Can Your Managers Manage?
If you are a senior leader and have direct reports that manage others please answer these questions:
- Do your directs meet at least once a month with each of their directs? Do you even know if they do or not?
- Is there observable evidence that your people are developing their people? Do you see growth or improvements?
- Are your people taking credit for work that their teams do or do they acknowledge the team?
- Are you confident that your directs have the basic management skills necessary to be effective at all aspects of their jobs?
I bring this up because it is quite apparent to me that so few managers actually know how to manage. It used to be (way way back in the 80’s and 90’s) that most public companies had extensive management training programs. If you are old enough to remember Crotonville or St. Charles then you know what I’m talking about. Most companies were not as resource rich as GE or Motorola but there was a booming industry of management programs. To prepare you for a promotion into management you received up to 40 hours of company-specific training. Once you were in your role for a year or so then you began taking more advanced courses to prepare you for more senior roles.
Then the economic crisis hit and most of these programs disappeared. These days very few companies still offer internal management training although they have some money tucked away to sponsor educational opportunities for a select group of high potentials. We have moved from management training as a requirement for promotion to a perk for a handful of people in the hopes that this will help retain them.
Which begs the question: are you confident that your managers can manage? Have they received formal or informal training? If not, are you just hoping that they are doing a good job?
All HR professionals can tell you that the weak link in organizations is the limited management capability. Up and coming people are being promoted into more senior roles and given more responsibility but they are not being prepared to be successful.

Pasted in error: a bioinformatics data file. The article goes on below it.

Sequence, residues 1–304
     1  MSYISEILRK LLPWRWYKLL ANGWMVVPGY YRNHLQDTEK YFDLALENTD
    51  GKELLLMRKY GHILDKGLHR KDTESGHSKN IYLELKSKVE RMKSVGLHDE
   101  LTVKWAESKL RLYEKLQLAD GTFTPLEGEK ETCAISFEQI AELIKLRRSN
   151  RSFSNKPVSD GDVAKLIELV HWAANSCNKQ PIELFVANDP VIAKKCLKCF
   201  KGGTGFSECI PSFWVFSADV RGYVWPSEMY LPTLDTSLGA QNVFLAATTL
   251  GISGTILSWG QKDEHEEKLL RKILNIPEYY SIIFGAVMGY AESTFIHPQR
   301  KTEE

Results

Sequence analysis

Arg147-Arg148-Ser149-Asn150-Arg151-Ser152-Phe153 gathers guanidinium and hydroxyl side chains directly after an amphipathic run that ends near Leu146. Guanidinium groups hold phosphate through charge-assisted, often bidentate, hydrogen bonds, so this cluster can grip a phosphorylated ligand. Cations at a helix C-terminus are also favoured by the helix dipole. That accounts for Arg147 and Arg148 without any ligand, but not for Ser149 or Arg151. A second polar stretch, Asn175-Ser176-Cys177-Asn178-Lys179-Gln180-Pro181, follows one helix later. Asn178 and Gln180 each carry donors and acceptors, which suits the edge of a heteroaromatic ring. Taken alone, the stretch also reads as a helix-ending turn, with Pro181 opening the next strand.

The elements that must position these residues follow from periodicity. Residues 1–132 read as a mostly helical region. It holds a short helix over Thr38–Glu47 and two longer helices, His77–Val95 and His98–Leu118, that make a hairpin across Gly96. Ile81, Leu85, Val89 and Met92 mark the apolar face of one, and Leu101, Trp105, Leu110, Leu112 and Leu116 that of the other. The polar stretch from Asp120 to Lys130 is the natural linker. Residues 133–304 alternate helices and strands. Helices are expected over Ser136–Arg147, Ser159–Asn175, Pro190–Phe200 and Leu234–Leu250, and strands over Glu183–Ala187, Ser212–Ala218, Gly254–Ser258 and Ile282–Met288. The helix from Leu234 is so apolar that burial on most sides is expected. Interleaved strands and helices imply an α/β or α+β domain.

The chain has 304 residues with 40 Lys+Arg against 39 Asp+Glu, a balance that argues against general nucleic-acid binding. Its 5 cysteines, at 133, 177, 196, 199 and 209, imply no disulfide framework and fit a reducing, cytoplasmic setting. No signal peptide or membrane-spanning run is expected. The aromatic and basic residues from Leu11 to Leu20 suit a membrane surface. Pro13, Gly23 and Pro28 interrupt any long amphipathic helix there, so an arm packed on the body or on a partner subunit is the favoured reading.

These are the common behaviors I see from these earnest but ill-equipped managers.
- Command and control style with their direct reports. It’s not that their own bosses are using this outdated style, it’s more a matter of not knowing how to supervise or develop others. “Just do what I tell you to do” is a default position because they have such a limited tool kit.
- High levels of frustration with people issues. These managers haven’t figured out that people come in all varieties that can create some interesting dynamics. When called upon to referee or resolve interpersonal issues they are clumsy and unhappy about the distraction from the real work. They don’t understand why people just don’t get along…or see things their way.
- Lots of managing up. These folks are good at making their bosses believe that they have everything under control. When something blows up and the boss finds out the boss is often surprised. The direct reports of an inexperienced manager have a more negative opinion than the senior leader. This gap only becomes more evident through a 360 process.
- Insecurities that get masked in bravado. These are valuable and smart people who find themselves in a situation they struggle to master. Managing other people and team dynamics are so much more complicated than their areas of expertise. But they don’t want to admit that they are out of their element so when things don’t go well there is much finger pointing, defensiveness or chest thumping.
Today’s notion of management training is to “throw ’em in the deep end” and they will eventually figure it out. That may be true for a small minority. For most of us regular human beings in the real world we, our teams and our companies suffer. What I don’t understand is how we could have gone from all to nothing and expect the same results. How could corporations invest so much money and time in preparing people for bigger responsibilities and reaping the benefits of that and then pull the plug and still expect great outcomes? Nothing about that makes sense. And I don’t hear enough conversation about the pain and problems this is causing.
The standard answer an executive gives when the head of HR proposes a solid plan to fix this problem is “we don’t have money”. No amount of metrics and business cases and lost productivity analyses are persuasive. When budgets are shaped and then hacked away at training and development is always the sacrificial lamb. This is so short sighted.
So, senior leader, I implore you to rethink your position. If you keep elevating talented but unprepared people into management roles you will continue to hurt your company. Where is the evidence that this is already occurring? Look at your employee engagement results. Look at data from exit interviews. Find out if you are losing your most talented people. See if the people you retain are not your A team. Find out if people two layers down from you are on the rise. Listen to what your HR folks are telling you.
Managers are where the rubber hits the road. They need to learn how to take the sharp corners and drive through snow and ice. You need to help them gain some traction.
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